Saturday, July 25, 2009

HowTo ... look up a word really fast

When you need to look up a word quickly - what do you do?

(We're assuming for a moment that you're at your computer. If not, then add an extra step: Go to you computer.)

You could open your paper dictionary (which you keep next to your computer, of course), you could surf to a dictionary website (like or - which would be even faster if you've bookmarked it), or you could phone a friend.

So here's how I do it ...

I might be at work, sending an email which contains the word "fortunately", and (at the back of my mind, because the front of my mind is for work only) I challenge myself. I can remember that the word in Mandarin is "xìng hǎo" (see the WordPack post on this) - but suddenly I can't remember how to write "xìng" in Chinese.

For a quick lookup, I use:
  • {apple}{tab} (switch to Firefox)
  • {apple} T (open a blank tab)
  • type: m xing hao {enter}
And that's it! Just a few keystrokes which take less than 3 seconds. The listing appears like this, and it's easy to see in the results which hanzi I'm looking for. It's just like magic (but without the annoying background music).

HowTo ... do it
  • (I use a Mac, but it's easy to make this work on Windows)
  • Switch to Firefox (and if you're not already using it, tsk tsk)
  • In your Bookmarks Menu right at the top, there is probably one called "Quick Searches" (create it if you don't have it)
  • Create a new bookmark in that folder with the following characteristics: Name="MDBG", Location="", Keyword="m"
  • Don't type the inverted commas above, just the content.
HowTo ... use it

From now on, when you begin a URL with the letter m, Firefox will send everything that you type after that into the URL you have entered, in place of the %s that appears in the address. So here are some examples of how you might use this:
  • m xing hao
  • m shi3
  • m shuō
  • m milkshake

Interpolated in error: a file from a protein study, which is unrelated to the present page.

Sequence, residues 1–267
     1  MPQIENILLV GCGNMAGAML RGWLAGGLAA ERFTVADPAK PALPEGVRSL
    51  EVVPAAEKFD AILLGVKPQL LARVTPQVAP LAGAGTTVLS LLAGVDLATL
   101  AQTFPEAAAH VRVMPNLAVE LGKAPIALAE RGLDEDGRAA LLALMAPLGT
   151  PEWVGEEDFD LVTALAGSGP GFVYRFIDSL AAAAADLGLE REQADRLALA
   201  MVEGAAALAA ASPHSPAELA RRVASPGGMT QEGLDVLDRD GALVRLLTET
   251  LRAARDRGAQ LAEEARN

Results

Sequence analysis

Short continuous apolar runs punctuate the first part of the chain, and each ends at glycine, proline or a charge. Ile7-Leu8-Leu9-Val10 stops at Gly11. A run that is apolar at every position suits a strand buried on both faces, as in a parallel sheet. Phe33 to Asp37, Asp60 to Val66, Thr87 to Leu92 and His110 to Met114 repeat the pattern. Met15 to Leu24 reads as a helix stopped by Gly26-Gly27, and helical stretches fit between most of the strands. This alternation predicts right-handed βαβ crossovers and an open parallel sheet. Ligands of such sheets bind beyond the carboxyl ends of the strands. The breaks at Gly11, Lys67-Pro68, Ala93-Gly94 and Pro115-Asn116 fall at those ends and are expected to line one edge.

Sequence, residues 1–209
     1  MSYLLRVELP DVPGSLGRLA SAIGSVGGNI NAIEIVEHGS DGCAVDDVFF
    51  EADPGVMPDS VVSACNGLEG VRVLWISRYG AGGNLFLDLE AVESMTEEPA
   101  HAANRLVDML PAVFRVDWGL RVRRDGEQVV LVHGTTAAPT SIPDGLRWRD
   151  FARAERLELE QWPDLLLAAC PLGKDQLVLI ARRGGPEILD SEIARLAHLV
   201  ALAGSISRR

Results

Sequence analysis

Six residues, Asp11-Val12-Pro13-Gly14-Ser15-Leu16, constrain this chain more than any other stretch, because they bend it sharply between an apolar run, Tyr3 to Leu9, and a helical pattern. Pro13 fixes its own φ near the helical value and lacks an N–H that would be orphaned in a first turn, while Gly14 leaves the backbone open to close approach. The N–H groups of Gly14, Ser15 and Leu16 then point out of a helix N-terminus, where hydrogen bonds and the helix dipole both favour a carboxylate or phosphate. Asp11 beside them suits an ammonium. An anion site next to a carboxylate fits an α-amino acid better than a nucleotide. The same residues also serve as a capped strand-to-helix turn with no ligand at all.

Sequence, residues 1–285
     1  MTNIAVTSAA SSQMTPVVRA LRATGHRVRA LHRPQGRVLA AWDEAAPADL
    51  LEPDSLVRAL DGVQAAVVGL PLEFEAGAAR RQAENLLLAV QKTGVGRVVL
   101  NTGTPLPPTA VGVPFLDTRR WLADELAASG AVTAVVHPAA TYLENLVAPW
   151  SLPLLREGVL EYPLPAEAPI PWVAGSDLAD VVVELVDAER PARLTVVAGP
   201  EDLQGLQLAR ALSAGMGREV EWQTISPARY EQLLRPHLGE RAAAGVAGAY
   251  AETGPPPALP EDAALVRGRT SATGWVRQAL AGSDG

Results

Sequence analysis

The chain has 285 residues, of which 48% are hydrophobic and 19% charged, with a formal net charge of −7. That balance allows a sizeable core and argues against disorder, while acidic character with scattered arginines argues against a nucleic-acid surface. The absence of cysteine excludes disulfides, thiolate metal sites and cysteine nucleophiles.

• m on good terms
  • m 纯文字页
  • m 开*

  • You can use different keywords instead of m (like 'lookup', 'dictionary', etc.) - but a single letter is the fastest.
  • Other browsers probably have a similar functionality to Firefox, so if you have the details on how to do it for them, please make a note in the comments below.
  • You can use other Net dictionaries, although in order to do this, the word or phrase that is being looked up must appear in the URL. For example, it doesn't work with If you have the location-text for a different dictionary, please leave it in the comments below for others to use.
OK, so your work here is done. Now go look something up.


  1. Just a quick update - MDBG has changed their syntax a little. They no longer allow spaces between the words - which is consistent with how hanzi are looked up in the dictionary.

    And so, you can no longer type 'm xing hao', you need to type 'm xinghao'.

  2. I do actually use MDBG and this will speed up my searches. Thank you. :)

  3. Pleased to hear that Charlie. Was looking at your blog - it looks really good. Will definitely spend more time there.

  4. Thanks Greg.

    I am finding it hard to balance the cultural and the language side of it all, almost as if it really wants to be a sister site.

    We shall see. I enjoy reading your blog, seems like a really interesting way of learning.

    Have you started writing the characters as well wih your stories?

  5. Charlie, I'm pleased to say that every day, as I learn more characters, there is a *measurable* improvement in my reading. Even at 400 characters, I feel so much more in control of the language.

    Amusingly, this means that I'm choosing not to listen to podcasts and rather to read the Heisig book. Really enjoying the progress.

    And because I know the 'primitives' of any character, it's easy to piece them together and write it. Give it a shot ... :-)

  6. I’m impressed, I must say. you hit the nail on the head. Your idea is outstanding;